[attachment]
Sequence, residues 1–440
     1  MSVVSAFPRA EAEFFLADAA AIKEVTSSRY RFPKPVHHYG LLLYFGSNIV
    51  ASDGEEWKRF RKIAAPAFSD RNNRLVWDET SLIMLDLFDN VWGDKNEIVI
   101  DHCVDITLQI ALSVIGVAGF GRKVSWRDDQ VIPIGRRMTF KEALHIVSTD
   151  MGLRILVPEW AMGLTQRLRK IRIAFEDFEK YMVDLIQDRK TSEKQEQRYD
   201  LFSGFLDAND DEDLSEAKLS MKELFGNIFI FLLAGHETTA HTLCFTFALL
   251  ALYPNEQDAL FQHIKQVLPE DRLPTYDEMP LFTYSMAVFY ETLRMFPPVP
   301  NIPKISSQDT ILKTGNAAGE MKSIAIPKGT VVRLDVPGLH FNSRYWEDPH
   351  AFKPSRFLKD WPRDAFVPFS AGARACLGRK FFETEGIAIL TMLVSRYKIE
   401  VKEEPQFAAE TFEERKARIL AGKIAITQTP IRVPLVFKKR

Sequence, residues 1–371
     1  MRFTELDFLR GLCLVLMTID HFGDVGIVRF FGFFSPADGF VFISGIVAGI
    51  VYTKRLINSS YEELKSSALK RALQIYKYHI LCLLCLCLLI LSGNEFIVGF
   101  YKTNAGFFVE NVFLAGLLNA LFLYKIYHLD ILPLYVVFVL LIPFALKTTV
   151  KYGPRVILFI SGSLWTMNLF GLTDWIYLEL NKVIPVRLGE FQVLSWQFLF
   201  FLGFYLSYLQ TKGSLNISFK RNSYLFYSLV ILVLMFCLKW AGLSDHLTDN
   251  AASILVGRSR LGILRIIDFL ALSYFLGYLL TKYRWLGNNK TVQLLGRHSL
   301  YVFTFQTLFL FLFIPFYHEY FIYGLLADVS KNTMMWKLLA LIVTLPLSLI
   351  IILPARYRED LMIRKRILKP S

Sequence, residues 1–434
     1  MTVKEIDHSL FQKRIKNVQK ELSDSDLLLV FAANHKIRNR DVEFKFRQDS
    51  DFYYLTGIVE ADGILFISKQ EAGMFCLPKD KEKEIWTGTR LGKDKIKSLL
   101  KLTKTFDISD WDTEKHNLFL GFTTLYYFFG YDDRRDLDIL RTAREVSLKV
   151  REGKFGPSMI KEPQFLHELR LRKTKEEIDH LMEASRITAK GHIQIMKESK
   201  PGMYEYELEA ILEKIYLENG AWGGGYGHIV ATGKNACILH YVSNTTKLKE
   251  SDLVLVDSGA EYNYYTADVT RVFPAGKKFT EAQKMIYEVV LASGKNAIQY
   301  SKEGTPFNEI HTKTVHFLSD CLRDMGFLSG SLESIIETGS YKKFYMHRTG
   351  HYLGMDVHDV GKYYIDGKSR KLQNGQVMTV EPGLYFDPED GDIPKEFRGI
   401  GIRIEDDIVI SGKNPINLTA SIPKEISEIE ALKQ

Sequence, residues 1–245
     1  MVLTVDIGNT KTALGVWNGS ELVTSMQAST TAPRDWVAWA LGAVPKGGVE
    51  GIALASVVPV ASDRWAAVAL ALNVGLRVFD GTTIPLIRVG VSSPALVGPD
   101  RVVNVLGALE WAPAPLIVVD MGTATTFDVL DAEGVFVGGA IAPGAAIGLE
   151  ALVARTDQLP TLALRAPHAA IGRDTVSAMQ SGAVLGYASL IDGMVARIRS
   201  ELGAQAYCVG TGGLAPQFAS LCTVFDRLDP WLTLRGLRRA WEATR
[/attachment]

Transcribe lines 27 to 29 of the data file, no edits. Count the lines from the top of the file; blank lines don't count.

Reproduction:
   301  SKEGTPFNEI HTKTVHFLSD CLRDMGFLSG SLESIIETGS YKKFYMHRTG
   351  HYLGMDVHDV GKYYIDGKSR KLQNGQVMTV EPGLYFDPED GDIPKEFRGI
   401  GIRIEDDIVI SGKNPINLTA SIPKEISEIE ALKQ